The Difference Between IEnumerable and IQueryable Explained
This post is part of this year’s C# Advent Series. Which counts down to Christmas with two C# articles published every day from Dec 1 – Dec 25.
I’ve always been curious how ORMs work. How does C# code get converted into SQL statements?
Research on that topic led me to blog about Expressions and the Visitor Pattern. I’ve also read a lot about the difference between the IEnumerable and IQueryable interfaces. But it took me awhile to really understand what made them different.
I have recently been walking through a great series of blog posts by Matt Warren describing in detail how to write a query provider. I’ve learned a lot, and seeing and coding examples myself has helped me grasp how they’re both used.
I wanted to summarize some of the things that I’ve learned and provide a resource for anyone else that might be struggling with this same topic.
Similar But Different
In a C# project, if you navigate to the LINQ extension method definitions for IEnumerable and IQueryable, you’ll see that they are very similar.
Since the methods available are basically the same, what really sets these two interfaces apart? The main difference is where these interfaces are intended to be run.
IEnumerable – intended to be run against an in memory collection.
IQueryable – intended to be run against a “queryable” collection (ex. a database).
Lets take the following examples.
When we have an in memory list, this Where LINQ statement is defined on the IEnumerable interface.
On the other hand, when we are using EF Core to connect to a database, this Where LINQ statement is defined in the IQueryable interface.
The Users class is a stand in for the Users database table. The Users data doesn’t exist in our app. In order to have access to the user who’s Id is 1, it needs to run this LINQ statement against a database. Since that’s the case, we’re using the IQueryable methods.
Lets take a look at the implementation for a where statement for the IEnumerable and IQueryable interfaces. (Which I’ve slightly modified to make it easier to read)
In this first IEnumerable example, the where method will basically iterate over the IEnumerable, applying the predicate
Where(n => n.Contains("J") , returning any elements for which the predicate is true.
The IQueryable method on the other hand, invokes an Expression.Call() method? What is the point of that?
Expressions and Query Providers
Because a database doesn’t exist in memory, we need some mechanism to take our LINQ statements and convert them into a SQL statement.
Expressions are the tools that allow us to do that. When LINQ methods on the IQueryable object are called, what really happens is it builds an Expression Tree.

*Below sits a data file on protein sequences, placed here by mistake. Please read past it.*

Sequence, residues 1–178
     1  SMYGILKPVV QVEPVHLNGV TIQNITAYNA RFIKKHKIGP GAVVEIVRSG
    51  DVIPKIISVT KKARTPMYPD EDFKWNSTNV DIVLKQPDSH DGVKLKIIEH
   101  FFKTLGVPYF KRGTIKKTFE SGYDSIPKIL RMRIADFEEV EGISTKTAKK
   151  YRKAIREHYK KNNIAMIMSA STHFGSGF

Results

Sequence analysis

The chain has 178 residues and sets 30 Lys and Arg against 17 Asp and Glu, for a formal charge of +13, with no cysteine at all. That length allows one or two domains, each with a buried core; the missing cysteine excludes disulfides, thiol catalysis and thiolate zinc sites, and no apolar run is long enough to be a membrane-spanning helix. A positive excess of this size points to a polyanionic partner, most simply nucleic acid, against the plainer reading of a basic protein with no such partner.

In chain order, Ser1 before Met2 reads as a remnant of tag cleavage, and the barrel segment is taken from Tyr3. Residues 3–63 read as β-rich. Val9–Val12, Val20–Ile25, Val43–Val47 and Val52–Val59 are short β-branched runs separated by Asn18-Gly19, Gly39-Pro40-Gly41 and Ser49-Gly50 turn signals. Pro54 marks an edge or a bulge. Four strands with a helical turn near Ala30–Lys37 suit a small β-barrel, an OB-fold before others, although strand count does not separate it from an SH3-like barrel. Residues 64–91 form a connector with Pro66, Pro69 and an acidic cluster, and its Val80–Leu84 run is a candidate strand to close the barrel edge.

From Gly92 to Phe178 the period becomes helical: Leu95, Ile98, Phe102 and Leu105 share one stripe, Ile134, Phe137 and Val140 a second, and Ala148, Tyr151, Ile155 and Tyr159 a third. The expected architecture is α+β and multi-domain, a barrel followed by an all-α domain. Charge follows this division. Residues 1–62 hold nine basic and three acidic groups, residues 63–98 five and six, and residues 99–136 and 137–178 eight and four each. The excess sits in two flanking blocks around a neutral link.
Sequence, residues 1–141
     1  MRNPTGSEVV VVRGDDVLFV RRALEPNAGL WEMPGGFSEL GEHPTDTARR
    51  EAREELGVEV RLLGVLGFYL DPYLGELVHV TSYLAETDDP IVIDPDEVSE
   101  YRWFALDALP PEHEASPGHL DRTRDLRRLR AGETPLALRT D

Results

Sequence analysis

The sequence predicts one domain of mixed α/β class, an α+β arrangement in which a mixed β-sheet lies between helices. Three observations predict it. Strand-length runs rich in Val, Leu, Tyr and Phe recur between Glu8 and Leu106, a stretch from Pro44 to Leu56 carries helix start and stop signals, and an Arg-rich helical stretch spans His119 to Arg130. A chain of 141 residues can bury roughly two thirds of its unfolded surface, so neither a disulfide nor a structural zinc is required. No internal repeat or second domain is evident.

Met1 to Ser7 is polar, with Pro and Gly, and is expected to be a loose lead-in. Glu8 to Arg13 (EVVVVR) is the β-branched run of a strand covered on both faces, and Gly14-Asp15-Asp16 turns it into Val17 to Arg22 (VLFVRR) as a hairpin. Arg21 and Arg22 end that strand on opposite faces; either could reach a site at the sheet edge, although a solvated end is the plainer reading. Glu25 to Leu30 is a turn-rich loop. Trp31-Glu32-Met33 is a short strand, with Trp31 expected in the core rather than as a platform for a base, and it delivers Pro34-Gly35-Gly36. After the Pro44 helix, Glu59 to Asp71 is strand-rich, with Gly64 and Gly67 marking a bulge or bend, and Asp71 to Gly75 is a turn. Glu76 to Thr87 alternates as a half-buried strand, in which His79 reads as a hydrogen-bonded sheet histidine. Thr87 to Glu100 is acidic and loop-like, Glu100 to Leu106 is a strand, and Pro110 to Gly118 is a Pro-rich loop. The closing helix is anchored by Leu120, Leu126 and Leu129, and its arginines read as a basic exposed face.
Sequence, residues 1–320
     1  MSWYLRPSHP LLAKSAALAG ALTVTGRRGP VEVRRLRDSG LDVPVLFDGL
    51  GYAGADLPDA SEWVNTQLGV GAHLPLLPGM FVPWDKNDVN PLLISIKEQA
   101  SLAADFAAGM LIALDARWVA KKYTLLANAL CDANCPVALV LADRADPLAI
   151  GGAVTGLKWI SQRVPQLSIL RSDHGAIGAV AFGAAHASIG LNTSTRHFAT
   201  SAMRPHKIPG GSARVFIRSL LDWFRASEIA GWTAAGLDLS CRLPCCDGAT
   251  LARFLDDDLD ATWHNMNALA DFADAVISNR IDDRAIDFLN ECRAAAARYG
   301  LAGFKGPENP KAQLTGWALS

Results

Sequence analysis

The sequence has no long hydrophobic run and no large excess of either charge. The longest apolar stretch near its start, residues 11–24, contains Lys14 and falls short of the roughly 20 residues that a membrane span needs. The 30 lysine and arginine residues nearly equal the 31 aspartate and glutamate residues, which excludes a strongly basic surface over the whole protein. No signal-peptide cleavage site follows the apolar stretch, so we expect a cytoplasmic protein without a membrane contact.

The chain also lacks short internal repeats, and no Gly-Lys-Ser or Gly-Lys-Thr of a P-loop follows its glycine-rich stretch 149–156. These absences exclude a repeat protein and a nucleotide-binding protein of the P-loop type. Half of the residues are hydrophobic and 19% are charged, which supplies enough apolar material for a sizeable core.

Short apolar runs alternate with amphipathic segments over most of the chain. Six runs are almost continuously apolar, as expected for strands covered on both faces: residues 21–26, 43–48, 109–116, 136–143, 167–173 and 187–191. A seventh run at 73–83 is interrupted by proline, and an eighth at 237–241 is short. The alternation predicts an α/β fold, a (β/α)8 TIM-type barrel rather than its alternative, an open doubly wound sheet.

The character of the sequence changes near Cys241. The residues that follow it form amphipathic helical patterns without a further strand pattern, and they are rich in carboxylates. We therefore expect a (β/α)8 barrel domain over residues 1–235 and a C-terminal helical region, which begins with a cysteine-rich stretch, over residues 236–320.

Then when results are expected from the IQueryable, that Expression Tree is converted into the source query language (ex. SQL), that source query is run against the source (ex. SQL Database), results returned and mapped to C# objects.
The conversion between Expression Trees and a source query language is the responsibility of the Query Provider.
There are Query Providers for all kinds of external queryable collections. SQL Server, Oracle Sql, Postgres, MySQL/MariaDb, CosmosDb, Sqlite, etc.
If any arbitrary data store wants to allow C# developers to use LINQ to query against their data source, then someone needs to write a Query Provider.
Simple Query Provider
To see the basic workings of a query provider lets go ahead and create a very minimal query provider. This allows us to know how a C# expression tree would be mapped into a SQL statement.
This example very much builds off the work in Matt Warren’s series, which I mentioned above.
Lets start off by taking a look at the IQueryable interface.
You’ll notice that it implements from the IEnumerable interface, so IQueryable is an IEnumerable. It has three properties, Type, Expression and IQueryProvider.
The IQueryProvider in turn has 4 methods total, a generic and a non generic version of an Execute and CreateQuery.
Lets start coding by creating a Query class that will implement the IQueryable interface.
You’ll notice that lines 18-20 implement the IQueryable properties we mentioned above. Then the other methods are merely a pass through to the provider.
So lets turn our attention to our Query Provider.
For the most part, this class is responsible for calling the QueryTranslator to get the SQL statement representation of the Expression Tree.
Which the QueryTranslator takes the Expression and using the Visitor Pattern, converts it in a valid SQL statement.
There are many different types of Expressions, and each Expression has specific rules for how that Expression type gets mapped to some SQL statement.
Lets run this example to see what happens.
This example outputs
query: SELECT * FROM (SELECT * FROM Customer) AS T WHERE(Id = 1). Which is a valid SQL statement!
Which means we’ve written the simplest QueryProvider ever.
I hope this article was helpful in helping you understand the difference between the IEnumerable and IQueryable interfaces are.
If you’re interested in learning more about writing a Query Provider I would check out Matt’s series that I have mentioned previously.
I hope you enjoy this and the rest of the articles published during the 2019 C# Advent! Thanks to Matt Groves for setting this up again this year!